J-Term course gives hands-on look at nursing duties
For three weeks in January, students aspiring for a career in healthcare have an opportunity to gain hands-on experience working as certified nursing assistants (CNA) and learn the skills necessary to become state-certified as a CNA.
The health profession experience class is a joint effort between Loras College and Northeast Iowa Community College (NICC) during Loras’ January term. Students earn CNA instruction from NICC faulty while Ulrike Schultz, director of health professions advising at Loras, provides the reflective component.
“This is a great opportunity for our students to gain experience with direct patient care throughout their undergraduate years and prepare for admission to health profession schools,” Schultz said. “Many health profession schools recommend or require direct patient care experience for applications. Most of our pre-health students end up working in nursing homes, hospitals and home care settings.”
Nate Roethler (‘22) is a pre-med student who wanted to get clinical hours under his belt before applying to medical school. Through this course, he not only earned hands-on experience working in a nursing home, but gained insight into the nursing field.
“The class showed me that CNA’s are in the trenches of the medical field, doing all of the dirty work. So, hours as a CNA are hours as a hands-on licensed medical professional doing tasks that no one else in the medical field will. This tells any graduate level program that you are prepared to do any job in the health industry if you can survive as a CNA,” he said.
While the course utilizes textbooks, the focus is on transforming the tasks and methods from the page and into real-world application. Students learn on teaching dummies before transitioning over to nursing homes to work with residents. It results in a rapid learning curve that helps the theory make more sense as it is quickly put into practice.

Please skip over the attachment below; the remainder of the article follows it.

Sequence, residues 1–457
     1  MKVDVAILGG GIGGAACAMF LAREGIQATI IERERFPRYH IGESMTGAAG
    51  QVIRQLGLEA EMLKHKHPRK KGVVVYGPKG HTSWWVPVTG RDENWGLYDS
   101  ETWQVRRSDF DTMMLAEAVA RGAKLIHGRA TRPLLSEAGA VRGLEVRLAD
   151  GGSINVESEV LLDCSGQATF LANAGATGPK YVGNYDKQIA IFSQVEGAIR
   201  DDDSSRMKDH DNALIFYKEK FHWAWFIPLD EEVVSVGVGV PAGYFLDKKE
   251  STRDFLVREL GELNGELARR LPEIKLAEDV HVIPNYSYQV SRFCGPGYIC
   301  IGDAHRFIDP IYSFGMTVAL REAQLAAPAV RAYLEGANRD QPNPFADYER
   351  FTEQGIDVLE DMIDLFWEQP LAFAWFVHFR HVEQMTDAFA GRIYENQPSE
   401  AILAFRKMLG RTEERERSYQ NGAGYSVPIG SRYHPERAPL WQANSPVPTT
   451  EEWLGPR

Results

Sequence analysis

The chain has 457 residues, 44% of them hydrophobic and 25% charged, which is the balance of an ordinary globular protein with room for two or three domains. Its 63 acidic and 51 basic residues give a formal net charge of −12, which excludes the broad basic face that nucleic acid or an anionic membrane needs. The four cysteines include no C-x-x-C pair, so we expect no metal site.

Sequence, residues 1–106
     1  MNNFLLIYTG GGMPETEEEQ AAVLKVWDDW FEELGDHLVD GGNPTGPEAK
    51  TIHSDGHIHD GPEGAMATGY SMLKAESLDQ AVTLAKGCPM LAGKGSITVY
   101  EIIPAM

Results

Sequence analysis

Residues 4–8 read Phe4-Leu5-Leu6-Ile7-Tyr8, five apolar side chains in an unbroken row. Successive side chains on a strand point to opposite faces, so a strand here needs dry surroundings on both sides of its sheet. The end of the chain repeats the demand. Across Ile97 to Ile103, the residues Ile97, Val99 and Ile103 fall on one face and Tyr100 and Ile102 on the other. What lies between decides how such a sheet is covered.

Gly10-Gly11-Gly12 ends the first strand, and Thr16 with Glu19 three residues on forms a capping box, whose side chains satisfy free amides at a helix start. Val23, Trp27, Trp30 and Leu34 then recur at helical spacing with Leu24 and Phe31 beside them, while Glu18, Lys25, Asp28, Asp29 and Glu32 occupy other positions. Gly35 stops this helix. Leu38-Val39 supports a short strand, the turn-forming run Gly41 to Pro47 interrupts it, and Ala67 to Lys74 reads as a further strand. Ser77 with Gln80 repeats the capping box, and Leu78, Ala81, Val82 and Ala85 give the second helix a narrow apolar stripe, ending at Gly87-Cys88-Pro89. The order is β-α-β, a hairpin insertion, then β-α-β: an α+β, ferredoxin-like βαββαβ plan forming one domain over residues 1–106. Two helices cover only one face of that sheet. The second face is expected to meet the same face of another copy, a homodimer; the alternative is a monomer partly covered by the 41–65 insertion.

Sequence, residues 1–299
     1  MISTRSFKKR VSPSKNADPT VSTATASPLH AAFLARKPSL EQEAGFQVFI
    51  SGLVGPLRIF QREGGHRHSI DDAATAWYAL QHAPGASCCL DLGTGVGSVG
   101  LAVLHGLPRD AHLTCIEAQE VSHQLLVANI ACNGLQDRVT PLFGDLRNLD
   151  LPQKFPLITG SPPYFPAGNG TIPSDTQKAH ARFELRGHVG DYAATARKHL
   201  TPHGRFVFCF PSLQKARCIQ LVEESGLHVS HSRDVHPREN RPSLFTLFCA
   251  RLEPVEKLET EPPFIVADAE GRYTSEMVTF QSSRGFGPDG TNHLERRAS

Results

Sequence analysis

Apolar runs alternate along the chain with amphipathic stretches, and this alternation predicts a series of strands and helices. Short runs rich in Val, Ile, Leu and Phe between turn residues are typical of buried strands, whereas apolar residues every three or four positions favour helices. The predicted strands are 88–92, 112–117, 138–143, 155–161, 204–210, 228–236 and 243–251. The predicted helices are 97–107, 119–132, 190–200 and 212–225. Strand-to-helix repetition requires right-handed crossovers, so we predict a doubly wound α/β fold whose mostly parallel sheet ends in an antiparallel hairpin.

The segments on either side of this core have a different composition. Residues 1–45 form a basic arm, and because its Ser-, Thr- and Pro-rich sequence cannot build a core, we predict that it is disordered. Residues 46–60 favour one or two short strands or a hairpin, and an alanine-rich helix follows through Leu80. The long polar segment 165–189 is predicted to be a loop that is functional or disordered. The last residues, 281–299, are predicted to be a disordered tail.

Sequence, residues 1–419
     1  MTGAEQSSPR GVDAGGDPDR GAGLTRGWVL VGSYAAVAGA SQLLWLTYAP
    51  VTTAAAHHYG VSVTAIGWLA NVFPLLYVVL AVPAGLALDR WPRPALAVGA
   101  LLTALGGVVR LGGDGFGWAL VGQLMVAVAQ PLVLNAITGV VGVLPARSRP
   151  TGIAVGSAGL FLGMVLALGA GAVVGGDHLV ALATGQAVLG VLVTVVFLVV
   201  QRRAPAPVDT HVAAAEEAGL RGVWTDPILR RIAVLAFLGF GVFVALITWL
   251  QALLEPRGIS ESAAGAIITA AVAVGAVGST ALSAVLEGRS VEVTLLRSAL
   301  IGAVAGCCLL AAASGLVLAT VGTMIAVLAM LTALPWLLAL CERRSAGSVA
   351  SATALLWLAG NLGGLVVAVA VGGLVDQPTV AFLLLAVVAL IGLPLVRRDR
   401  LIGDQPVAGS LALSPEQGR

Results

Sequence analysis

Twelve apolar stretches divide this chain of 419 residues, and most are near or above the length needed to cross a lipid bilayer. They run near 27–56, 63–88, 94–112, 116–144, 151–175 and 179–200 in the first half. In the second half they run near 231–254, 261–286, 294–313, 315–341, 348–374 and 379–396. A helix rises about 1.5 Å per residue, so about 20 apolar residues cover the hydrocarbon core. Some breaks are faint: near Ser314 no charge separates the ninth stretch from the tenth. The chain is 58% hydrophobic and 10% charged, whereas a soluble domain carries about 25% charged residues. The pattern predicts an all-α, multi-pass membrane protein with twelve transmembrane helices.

Schultz encourages all Loras pre-health students to take the CNA as the lectures, labs and clinical work are especially valuable. It also serves as a strong guiding post to help them determine if they are pursuing the right field. Health care professionals also speak to the class to share their experiences and provide insight into their particular fields, whether they are medical doctors, physicians assistants, therapists, nurses or something else.
“The individual growth and understanding of our students within these three weeks of class is immense, and one of the pleasures in teaching this course. Not only do our pre-health students set themselves apart as competitive applicants to health profession schools, but also become confident working with patients,” Schultz said.
For Roethler, he found the course greatly beneficial and is enthusiastic in encouraging other students to take advantage of it.
“This progression of exposure helps the student comfortably perform these tasks with real people, and because of that, I would, without hesitation, recommend this class,” he said.